Adam Allington of KWMU reported on local St. Louis cobbler, Jeff Lipson owner of Cobblestone Shoe Repair. Jeff is a third generation cobbler, and, with the economy the way that it is, he is a very busy. Give it a listen: Cobbler’s Business Steps Up During Thrifty Times
Here are 4 things that I thought about on the remainder of my commute to work:
- Maybe those small business owners have the right idea. Here we have Jeff the cobbler. It would be much more convenient if his name were Joe. He provides a simple service to complicated people – business executives, mostly. He is not plotting a hostile takeover or deciding whether or not to bail out the auto industry. He is fixing shoes. Right now, among his largest concerns is making sure that he has the infrastructure to handle the scale of business he has right now…pretty good problem to have. As Allington points out – “He’s glad he’s fixing the shoes of corporate executives and not standing in them”…this is an understatement. If there is one benefit to this on-the-cusp-of-a-recession economy, it is that the risk of being an entrepreneur and pursuing your passion is equal to the risk of a “safe” corporate job. This economy needs people who are not afraid to build something. Really, it is the truth no matter what the economic situation, but the rough time just exposes that truth.
- Being on the radio allows you to say things that you would never usually say. Take, for example: “Waste-not, want-not…brewhaha.” Now that is some artistic latitude…or it could be balderdash or it could be my cockamamie excuse to use archaic terms…like “archaic.”
- Americans are slow…uh…learners. There is nothing like a little pain to learn a lesson, but this report points out that really, things aren’t bad enough yet. The Great Depression was much worse, and our economy is different now. So, we would make habits like getting a $15 repair instead of buying $150 shoes more common if things just hurt more. I call this the toothpaste tube phenomenon. When my kids get a new tube of toothpaste, they tend to smash it in the middle using much more than necessary. We end up with toothpaste on their faces, in the sink, on towels, counter tops, etc. As the tube gets more empty they are suddenly able to perform the same task of brushing their teeth with a fraction of the toothpaste. This economy and thriftiness is thrown out the window the moment a new tube of Disney-themed toothpaste is introduced. Adults behave in the same way. When the economy gets better, whatever that means, I am sure that many of us will go back to our irresponsible spending…and why not? well, don’t worry. People like Jeff who have built a strong legacy business will be around the next time tough times hit.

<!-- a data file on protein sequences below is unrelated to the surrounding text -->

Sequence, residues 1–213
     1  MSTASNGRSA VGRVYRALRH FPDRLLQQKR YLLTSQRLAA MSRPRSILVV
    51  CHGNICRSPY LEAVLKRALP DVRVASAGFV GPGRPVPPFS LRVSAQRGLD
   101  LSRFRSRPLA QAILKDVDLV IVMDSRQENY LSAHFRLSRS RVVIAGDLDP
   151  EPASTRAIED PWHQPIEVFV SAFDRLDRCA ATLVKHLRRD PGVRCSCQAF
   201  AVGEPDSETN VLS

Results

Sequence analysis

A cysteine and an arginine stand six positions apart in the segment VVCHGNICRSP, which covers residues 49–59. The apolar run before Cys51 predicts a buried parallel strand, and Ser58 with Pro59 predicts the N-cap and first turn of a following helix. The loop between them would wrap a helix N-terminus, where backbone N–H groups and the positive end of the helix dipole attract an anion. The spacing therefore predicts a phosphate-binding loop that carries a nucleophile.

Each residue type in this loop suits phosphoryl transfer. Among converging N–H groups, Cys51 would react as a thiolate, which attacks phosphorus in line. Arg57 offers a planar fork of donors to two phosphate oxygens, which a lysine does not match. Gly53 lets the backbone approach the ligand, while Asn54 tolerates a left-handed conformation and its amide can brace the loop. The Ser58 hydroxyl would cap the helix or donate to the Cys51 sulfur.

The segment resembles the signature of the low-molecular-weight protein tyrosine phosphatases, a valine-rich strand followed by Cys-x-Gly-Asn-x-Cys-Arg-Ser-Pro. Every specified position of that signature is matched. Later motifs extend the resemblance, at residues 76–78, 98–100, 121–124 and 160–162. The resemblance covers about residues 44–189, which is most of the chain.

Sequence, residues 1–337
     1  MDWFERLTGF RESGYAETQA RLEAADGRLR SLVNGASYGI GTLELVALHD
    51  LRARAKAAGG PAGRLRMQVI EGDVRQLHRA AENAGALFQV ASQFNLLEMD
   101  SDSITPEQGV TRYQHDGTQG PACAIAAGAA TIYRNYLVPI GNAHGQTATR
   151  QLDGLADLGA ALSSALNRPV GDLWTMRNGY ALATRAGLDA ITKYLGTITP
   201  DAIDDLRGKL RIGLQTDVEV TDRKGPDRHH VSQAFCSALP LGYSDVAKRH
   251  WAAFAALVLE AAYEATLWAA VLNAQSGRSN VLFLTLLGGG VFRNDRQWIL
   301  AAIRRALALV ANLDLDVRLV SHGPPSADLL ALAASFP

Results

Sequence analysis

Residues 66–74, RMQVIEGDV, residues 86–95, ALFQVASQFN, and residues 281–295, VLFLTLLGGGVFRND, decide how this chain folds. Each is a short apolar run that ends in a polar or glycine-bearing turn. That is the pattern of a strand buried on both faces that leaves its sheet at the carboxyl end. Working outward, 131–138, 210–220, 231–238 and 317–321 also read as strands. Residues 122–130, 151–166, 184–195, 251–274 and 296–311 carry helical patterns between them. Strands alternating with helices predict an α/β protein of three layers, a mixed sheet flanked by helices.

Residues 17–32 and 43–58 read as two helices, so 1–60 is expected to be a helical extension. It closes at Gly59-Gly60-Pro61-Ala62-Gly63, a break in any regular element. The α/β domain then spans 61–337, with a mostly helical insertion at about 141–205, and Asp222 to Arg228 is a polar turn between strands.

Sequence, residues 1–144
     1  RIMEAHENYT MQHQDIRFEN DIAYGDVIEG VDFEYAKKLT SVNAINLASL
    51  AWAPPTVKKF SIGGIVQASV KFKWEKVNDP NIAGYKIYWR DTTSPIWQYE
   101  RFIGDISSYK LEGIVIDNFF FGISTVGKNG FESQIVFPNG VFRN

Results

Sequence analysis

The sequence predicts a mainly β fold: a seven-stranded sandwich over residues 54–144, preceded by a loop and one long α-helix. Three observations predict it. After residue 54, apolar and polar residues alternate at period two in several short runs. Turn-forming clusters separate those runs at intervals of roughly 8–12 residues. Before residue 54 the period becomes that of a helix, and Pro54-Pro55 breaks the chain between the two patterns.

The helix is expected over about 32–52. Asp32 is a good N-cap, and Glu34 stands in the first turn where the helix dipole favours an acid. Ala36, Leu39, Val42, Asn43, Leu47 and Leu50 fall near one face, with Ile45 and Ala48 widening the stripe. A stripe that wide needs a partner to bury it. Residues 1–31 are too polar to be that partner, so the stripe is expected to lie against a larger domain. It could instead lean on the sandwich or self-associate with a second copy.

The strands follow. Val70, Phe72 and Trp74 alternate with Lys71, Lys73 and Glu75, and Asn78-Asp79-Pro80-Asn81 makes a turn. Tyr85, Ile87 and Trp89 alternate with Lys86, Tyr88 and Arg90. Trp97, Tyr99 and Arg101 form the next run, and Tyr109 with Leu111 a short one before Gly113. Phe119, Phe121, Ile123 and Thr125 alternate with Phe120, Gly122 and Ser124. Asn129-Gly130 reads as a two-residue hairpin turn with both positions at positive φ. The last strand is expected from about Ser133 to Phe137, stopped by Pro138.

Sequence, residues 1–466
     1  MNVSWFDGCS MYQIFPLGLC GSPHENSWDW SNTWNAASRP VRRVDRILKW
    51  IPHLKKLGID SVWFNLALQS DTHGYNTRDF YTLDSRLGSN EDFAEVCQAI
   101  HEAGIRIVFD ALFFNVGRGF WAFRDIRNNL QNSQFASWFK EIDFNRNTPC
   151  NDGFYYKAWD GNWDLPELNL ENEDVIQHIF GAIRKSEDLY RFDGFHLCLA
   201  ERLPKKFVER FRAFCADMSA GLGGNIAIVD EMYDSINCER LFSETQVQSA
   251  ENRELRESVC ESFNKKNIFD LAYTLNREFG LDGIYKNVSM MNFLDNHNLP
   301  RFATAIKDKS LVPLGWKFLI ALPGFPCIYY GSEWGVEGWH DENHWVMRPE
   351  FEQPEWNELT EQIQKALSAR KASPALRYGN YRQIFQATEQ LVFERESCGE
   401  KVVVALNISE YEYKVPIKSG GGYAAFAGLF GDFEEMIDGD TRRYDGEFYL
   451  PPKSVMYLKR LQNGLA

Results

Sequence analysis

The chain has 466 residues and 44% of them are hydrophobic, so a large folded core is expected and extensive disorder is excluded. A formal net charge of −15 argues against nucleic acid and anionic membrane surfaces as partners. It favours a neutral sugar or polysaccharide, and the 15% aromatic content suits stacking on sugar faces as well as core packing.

- Strange how the things that can help our environment are somehow just more economically sensible. I know a lot of folks who resist the idea of “going green.” They wonder what impact their habits actually have on helping the planet. But, in this world, it may be less to do with environmental thinking and more to do with just being a good citizen. My parents always had us reuse towels once or twice and always shut lights off…why? Because they cared about the environment? No…they are frugal and didn’t want to be wasteful for comfort’s sake. It seems that the universe has some ethic out there. Some kind of cosmic please-don’t-throw-your-Styrofoam-out-the-window force. Maybe getting your shoes repaired is just good green karma.
LET ME KNOW:
Do you know someone else who has a locally owned business that is doing well? I would love to hear stories about people who are growing despite the circumstances. Send them to me or leave a comment. Also, check out the December issue of Small Business Monthly…we will feature companies that are thriving and hear from experts in St. Louis on how to keep growing through tough times.
HERE IS ONE FOR FREE:
If you got to this page because you were searching for Cobblestone or shoe repair, then take a look at Jeff’s Shoe Car Tips…stay true to your sole, or take time for heeling, or think of a more cheesy metaphor and email it to me.
Keep fighting the good fight, Jeff.
- Jeremy Nulik, Creative Energy Officer, St. Louis Small Business Monthly
PS – Jeff is a son of a son of a cobbler…ah, I feel a Jimmy Buffett moment coming on despite the chilly weather. Also, if the cobbler’s son is without shoes, then what is the status of footwear for the cobbler’s grandson? Alright…I’ll stop now.